Forgive me for only waking up to this now. I’ve been away in a place where it was hard to find a 3G signal, so missed the opportunity to spend the tail end of the festive season arguing about the same thing we argue about the rest of the year, the incurable condition known as whiteness.

Dog in handbag
Possible example of vile white practice

Whiteness is an affliction which, in me at least, manifests as the urge to cringe when white people pronounce surnames like “Hlophe” and also to say sorry a lot. (We’re very good at saying sorry for everything in South Africa, except the things that matter.)

Anyhow, long story short, while reading an actual real paper copy of the Saturday Star, I stumbled across a piece I’d been avoiding after two lovely weeks of writing and game drives (the latter a symptom of white privilege), Gillian Schutte’s new year letter to whites. I agree with many of the points she makes, though it did give me queasy flashbacks to my masters coursework at Wits (IrigarayKristevaSpivakDerridaDeleuzeBahbaComaroffetcetc), and I’m somewhat perplexed by her call to whites to stop “jumping into national debates that do not concern them”. I would have thought that as a South African citizen a national debate concerns me by definition, but maybe that’s just me going all rainbow nation.

Hipsterism: another vile white practice?

What I’m really interested in, though, is this paragraph:
“White people, please just shut up for once and listen. Not everything is about white people being accused of racism. Sometimes it is about the black middle class and whether or not they have adopted vile white practices.”

“Vile white practices.” What are these? She does not elaborate and, since at no point does she indicate she has any sense of humour when it comes to this topic, I assume that this reference is not ironic. (Irony being a vile white practice — see below.)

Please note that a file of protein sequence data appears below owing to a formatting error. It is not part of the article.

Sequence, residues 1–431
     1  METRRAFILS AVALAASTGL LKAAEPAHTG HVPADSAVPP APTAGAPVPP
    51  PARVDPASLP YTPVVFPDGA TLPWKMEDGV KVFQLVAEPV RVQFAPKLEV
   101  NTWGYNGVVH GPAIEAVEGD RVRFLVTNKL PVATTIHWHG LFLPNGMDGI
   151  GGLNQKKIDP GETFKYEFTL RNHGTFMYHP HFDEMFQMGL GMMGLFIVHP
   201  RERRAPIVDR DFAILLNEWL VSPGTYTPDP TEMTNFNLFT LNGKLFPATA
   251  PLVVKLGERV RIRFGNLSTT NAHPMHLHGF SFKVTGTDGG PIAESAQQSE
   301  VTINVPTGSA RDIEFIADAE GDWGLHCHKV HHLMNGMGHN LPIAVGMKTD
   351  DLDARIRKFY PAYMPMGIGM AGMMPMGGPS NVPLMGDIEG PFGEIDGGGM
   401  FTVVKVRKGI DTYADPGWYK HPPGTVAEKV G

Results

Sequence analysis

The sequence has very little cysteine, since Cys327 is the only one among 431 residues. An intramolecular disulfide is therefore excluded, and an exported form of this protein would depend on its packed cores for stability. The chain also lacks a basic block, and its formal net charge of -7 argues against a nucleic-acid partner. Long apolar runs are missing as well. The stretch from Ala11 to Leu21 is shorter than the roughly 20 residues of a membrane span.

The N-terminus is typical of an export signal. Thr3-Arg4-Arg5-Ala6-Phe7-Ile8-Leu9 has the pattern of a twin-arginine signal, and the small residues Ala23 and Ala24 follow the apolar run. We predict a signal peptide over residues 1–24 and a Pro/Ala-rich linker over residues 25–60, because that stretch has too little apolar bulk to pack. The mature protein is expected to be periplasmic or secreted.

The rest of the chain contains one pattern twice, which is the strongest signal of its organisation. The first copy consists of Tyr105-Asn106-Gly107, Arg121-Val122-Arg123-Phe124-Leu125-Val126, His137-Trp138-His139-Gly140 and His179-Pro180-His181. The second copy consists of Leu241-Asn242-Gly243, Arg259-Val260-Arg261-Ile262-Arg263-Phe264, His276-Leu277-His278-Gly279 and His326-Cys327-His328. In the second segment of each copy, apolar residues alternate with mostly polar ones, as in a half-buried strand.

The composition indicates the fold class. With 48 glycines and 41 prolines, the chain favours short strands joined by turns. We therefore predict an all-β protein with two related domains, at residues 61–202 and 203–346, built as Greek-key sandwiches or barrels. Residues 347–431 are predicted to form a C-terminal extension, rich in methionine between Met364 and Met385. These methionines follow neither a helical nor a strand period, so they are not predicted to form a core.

So I’ve taken it upon myself to speculate on what vile white practices would be, particularly vile white practices adopted by the black middle class.

Pet ownership, obviously. But what else?

Caring in a deep and meaningful way about rugby and cricket?

Lapas, klinker brick and swimming pools?

Irony, posting photos of your meals to Instagram and other accoutrements of hipster subculture?

Wine snobbery?

Getting sensitive about personal space in queues?

Complaining? More specifically, bonding with others in queues by complaining? (White people love doing this, I notice.)

Definite vile white practice

Tweeting about issues? Signing petitions? Calling for others (preferably somebody else) to do something?

Tuscan houses and gated estates? (Perhaps the defining irony of our age is the fact that both Nonhle Thema and Dan Roodt live in Dainfern.)

Correcting other people’s spelling and pronunciation of English words?

Having food allergies? Refusing to use Aromat because it’s bad for you?

Refusing to eat carbs? Hating the smell of KFC?

Employing maids and gardeners (but calling them “helpers”)?

Hating taxis and complaining about how badly they drive?


Disfiguring otherwise perfectly stylish motor vehicles with plastic red rhino noses?

Buying chinos from Edgars? Wearing cheap shoes?

Going to Cape Town for the holidays (as opposed to Giyani or Mthatha)?

Buying homeopathic remedies from Dischem? (Everyone knows that homeopathy is muti for white people.)

Yoga and pilates classes? Meditation? Thai massage?

downward facing dog
Another possible vile white practice

Ordering salad with mineral water and dressing on the side?

Eating organic? Vegetarianism? (Even more un-African than pet ownership.)

Horseriding? Mountain biking? Swimming lessons for your kids?

Obsessing about being skinny?

An obvious problem with speculation of this kind is the fact that it fails to take into account class differences; the whiteness symbolised by thatch lapas and klinker brick bungalows is very different to the whiteness symbolised by yoga and low-GI bread. Unless the writer is more specific about the role of class in vile white practices, it is difficult to say with any degree of certainty what such things may entail.

Nonetheless, the quest for clarity goes on. Any suggestions from your side would be most welcome.

low GI bread


  • During the day Sarah Britten is a communication strategist; by night she writes books and blog entries. And sometimes paints. With lipstick. It helps to have insomnia.


Sarah Britten

During the day Sarah Britten is a communication strategist; by night she writes books and blog entries. And sometimes paints. With lipstick. It helps to have insomnia.

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